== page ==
We had bushwhacked our way from the 17th Michigan Monument along Burnside Drive up through the woods to Heth’s Salient—a lesser-known part of the Spotsylvania Battlefield but one worth seeing. Doug Crenshaw and Bert Dunkerly had come up from Richmond for the afternoon to pound around in the brush with me and see such out-of-the-way spots. As we trekked, the humidity and mid-80-temps took their toll, so at the apex of Heth’s Salient, we took a break. Bert checked his phone. Doug and I took a seat on a fallen tree and fell into conversation about James Lane’s brigade, which had a rough morning on May 12, 1864, at the Mule Show, then more tough fighting that afternoon at Heth’s Salient.
“Great brigade,” I said, “but they never got much credit because they were the ones who shot Stonewall Jackson, and they could never shake that specter.”
“Stonewall Jackson is down,” Bert said.
I thought he was referring to his wounding at Chancellorsville, but he wasn’t.
Bert held the screen of his phone toward us. “They took down the Jackson statue in Richmond this afternoon,” he said.
On social media last night, someone had circulated an urgent S.O.S. about statues on Monument Avenue facing imminent, middle-of-the-night removal. The state law that authorized it didn’t go into effect until July 1, so if anything was coming down, it had to be after midnight, although I didn’t think a municipality could unilaterally decide to just take a statue down without public comment and a 60-day waiting period.
When I woke this morning, I texted my friend Rob Orrison to see if anything had happened. (Rob’s superpower is that he knows everyone in Virginia and the inside scoop on everything.) The statues, Rob said, remained up. (For more on the history of the statue, see “Statues of Stonewall: Monument Avenue.”)
This afternoon, shortly after Bert discovered the news on his phone, Rob texted me a link to the live TV coverage of the statue’s removal. I didn’t have cell coverage as good as Bert’s, so I couldn’t watch it then, but I knew I’d have to check it out ASAP.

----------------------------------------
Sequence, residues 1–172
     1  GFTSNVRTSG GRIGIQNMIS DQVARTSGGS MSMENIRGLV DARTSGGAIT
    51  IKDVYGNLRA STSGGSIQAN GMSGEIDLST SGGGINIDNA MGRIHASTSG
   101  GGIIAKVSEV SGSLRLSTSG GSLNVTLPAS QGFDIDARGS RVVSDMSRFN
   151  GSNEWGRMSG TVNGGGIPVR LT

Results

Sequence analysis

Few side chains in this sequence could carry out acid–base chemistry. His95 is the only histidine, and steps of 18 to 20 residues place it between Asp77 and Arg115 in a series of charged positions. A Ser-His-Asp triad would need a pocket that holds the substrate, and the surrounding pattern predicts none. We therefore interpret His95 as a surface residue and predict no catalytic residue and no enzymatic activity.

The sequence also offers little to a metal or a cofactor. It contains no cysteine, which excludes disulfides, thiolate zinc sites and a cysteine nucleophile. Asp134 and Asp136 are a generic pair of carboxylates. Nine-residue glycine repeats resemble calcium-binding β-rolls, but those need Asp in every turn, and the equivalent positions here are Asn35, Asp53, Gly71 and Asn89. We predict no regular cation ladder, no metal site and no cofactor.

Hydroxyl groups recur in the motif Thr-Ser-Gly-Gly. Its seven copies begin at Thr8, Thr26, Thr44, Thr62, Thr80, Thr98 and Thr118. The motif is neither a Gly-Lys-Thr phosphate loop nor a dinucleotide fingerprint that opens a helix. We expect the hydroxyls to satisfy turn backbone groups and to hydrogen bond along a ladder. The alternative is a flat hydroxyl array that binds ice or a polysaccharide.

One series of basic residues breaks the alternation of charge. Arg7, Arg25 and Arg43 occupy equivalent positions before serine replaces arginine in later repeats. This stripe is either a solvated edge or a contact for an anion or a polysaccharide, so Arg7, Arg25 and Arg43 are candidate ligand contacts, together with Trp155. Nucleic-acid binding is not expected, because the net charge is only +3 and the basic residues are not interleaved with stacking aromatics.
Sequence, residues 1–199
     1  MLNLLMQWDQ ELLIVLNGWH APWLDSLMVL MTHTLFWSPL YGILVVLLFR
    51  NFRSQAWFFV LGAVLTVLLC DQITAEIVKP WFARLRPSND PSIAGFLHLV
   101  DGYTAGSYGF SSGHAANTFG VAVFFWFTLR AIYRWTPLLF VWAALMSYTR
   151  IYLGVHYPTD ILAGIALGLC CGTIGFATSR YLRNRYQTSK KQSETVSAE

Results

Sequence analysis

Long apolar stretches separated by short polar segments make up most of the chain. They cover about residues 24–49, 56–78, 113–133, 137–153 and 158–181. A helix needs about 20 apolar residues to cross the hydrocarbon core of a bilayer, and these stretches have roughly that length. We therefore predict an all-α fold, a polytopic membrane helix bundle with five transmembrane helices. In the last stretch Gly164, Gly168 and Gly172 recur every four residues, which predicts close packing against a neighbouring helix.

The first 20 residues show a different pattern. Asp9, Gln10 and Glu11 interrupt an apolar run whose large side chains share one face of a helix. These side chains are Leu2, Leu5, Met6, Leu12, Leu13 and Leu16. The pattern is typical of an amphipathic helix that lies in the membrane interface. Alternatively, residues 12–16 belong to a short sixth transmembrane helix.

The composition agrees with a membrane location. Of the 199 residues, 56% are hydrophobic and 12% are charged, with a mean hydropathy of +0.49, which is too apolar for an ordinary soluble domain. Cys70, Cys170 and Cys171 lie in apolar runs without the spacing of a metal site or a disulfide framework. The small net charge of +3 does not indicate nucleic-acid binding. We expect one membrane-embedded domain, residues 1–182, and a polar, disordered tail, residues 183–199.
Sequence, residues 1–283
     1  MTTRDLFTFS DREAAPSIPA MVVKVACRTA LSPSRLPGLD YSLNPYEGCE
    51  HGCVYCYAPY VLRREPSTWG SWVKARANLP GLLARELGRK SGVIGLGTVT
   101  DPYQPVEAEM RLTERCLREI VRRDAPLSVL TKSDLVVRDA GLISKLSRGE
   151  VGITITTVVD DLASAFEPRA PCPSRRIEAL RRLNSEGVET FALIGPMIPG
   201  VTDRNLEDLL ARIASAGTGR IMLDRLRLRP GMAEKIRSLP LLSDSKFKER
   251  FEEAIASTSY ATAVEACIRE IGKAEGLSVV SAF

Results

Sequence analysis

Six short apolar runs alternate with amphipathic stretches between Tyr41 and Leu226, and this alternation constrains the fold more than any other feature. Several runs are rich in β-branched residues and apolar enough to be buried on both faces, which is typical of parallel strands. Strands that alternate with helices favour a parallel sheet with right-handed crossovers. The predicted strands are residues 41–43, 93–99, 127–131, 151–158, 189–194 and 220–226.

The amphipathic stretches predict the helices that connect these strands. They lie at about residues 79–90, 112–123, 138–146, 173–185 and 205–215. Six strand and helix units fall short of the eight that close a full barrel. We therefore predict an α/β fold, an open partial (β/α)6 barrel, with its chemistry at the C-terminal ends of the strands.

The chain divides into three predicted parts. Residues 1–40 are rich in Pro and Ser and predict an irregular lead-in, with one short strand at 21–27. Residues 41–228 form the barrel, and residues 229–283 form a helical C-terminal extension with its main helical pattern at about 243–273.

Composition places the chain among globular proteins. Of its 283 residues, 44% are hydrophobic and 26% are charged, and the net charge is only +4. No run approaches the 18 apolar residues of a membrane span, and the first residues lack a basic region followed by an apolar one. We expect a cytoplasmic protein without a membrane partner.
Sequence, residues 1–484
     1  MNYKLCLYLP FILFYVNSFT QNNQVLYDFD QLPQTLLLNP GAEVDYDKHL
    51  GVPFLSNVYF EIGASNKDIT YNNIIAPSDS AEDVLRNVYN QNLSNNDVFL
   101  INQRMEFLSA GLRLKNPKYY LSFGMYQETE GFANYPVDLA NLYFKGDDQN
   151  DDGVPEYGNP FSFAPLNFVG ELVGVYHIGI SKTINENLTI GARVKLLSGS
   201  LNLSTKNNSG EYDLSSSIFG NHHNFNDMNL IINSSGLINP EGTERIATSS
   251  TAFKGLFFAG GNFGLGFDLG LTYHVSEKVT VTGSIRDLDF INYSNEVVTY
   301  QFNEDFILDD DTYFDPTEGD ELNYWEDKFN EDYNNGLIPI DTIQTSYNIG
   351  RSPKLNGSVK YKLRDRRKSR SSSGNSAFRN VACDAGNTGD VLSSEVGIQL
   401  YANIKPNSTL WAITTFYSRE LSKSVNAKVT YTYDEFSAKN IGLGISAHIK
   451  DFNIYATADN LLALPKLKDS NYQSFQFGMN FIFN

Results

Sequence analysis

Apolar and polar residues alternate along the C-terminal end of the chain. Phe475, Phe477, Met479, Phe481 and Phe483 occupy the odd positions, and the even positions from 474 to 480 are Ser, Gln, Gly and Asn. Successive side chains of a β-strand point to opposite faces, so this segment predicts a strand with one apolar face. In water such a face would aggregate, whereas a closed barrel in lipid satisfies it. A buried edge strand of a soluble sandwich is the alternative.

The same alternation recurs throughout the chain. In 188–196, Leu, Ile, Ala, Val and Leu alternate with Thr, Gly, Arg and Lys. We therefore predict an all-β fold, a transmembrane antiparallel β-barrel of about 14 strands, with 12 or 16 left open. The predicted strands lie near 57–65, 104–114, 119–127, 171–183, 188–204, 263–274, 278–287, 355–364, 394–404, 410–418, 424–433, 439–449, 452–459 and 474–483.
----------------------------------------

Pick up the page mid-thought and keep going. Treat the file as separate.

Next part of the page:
As soon as the three of us finished our tour, I called Rob.
“They cut off his legs, man!” Rob said.
“Jackson’s?” I asked. “Or the horse’s?”
“The horse’s.” Apparently, the public works crew couldn’t get the statue off the pedestal, so they had to remove it by cutting through the legs of the statue’s horse. Rob laughed. “Jackson wasn’t going anywhere.”
“Standing there like a stone wall,” I noted.
“Well, at least he’s still standing like that at Manassas,” Rob said, adding an ominous, “For now.” Rob hints at a sentiment I’ve heard elsewhere, that the mass demonstrations will next target statues at national battlefields—or even the battlefields themselves. The Manassas Jackson itself was a target of vandalism in 2017. (And no sooner did I wrote those words that I learned he’d been the target of vandalism again this evening.) Their pessimism is justified, I suppose, although I think National Parks provide the perfect context for such statues and monuments, which should be left alone there.
In removing the Monument Avenue Jackson statue, which occupies city-owned land, Richmond Mayor Levar Stoney evoked his emergency powers to circumvent the legally prescribed 60-day waiting period. “Failing to remove the statues now poses a severe, immediate and growing threat to public safety,” he said.
According to Bert, volunteers showed up to clean the Monument Avenue statues the other day surrounded by members of an armed militia. With some of the protesters occupying Monument Avenue also carrying weapons, the mix seemed like a brew of real trouble. Stoney also said he worried protesters might hurt themselves trying to pull down the statues themselves, citing a similar incident in Portsmouth.
I’ve maintained all along that communities have the right to decide what they want to do with their monuments, although I’ve also advocated public processes for making those decisions (see here for more on that). While I understand Stoney’s concerns about public safety, and I wholeheartedly support the calls for greater racial justice at the heart of the protests, I felt disappointed by Richmond’s rip-off-the-band-aid approach. At a time when we all need to listen to each other more, this seemed like a rush job.
The city’s other monuments are also slated for removal. The Lee statue, owned by the state, remains in legal limbo following a court challenge to its announced removal. It’s a fast-moving story, so stay tuned for details.